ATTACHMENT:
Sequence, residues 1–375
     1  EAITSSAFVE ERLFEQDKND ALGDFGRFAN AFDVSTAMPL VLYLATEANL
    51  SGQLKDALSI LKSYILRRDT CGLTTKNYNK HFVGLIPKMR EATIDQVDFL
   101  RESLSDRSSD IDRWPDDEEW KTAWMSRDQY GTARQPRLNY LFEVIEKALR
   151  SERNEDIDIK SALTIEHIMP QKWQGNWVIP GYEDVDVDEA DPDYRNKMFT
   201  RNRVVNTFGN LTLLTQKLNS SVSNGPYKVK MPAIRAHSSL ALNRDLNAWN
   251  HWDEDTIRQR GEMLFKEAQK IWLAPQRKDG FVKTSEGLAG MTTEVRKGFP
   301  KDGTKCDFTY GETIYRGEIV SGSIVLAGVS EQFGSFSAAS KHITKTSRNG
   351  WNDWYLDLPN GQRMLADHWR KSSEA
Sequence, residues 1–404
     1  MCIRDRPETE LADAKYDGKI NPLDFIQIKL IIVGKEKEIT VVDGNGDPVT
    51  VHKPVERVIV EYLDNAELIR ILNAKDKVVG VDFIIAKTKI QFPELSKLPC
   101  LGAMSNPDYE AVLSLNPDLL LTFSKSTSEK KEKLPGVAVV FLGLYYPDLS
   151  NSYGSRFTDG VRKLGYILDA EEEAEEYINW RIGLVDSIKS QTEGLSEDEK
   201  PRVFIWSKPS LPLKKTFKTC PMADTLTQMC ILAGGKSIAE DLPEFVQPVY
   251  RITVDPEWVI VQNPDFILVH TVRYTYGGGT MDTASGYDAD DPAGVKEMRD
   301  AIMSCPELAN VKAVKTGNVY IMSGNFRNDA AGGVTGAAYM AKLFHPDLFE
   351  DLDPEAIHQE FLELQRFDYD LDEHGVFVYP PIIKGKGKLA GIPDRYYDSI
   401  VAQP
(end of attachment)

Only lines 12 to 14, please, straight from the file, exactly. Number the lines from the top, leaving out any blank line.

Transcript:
    51  VHKPVERVIV EYLDNAELIR ILNAKDKVVG VDFIIAKTKI QFPELSKLPC
   101  LGAMSNPDYE AVLSLNPDLL LTFSKSTSEK KEKLPGVAVV FLGLYYPDLS
   151  NSYGSRFTDG VRKLGYILDA EEEAEEYINW RIGLVDSIKS QTEGLSEDEK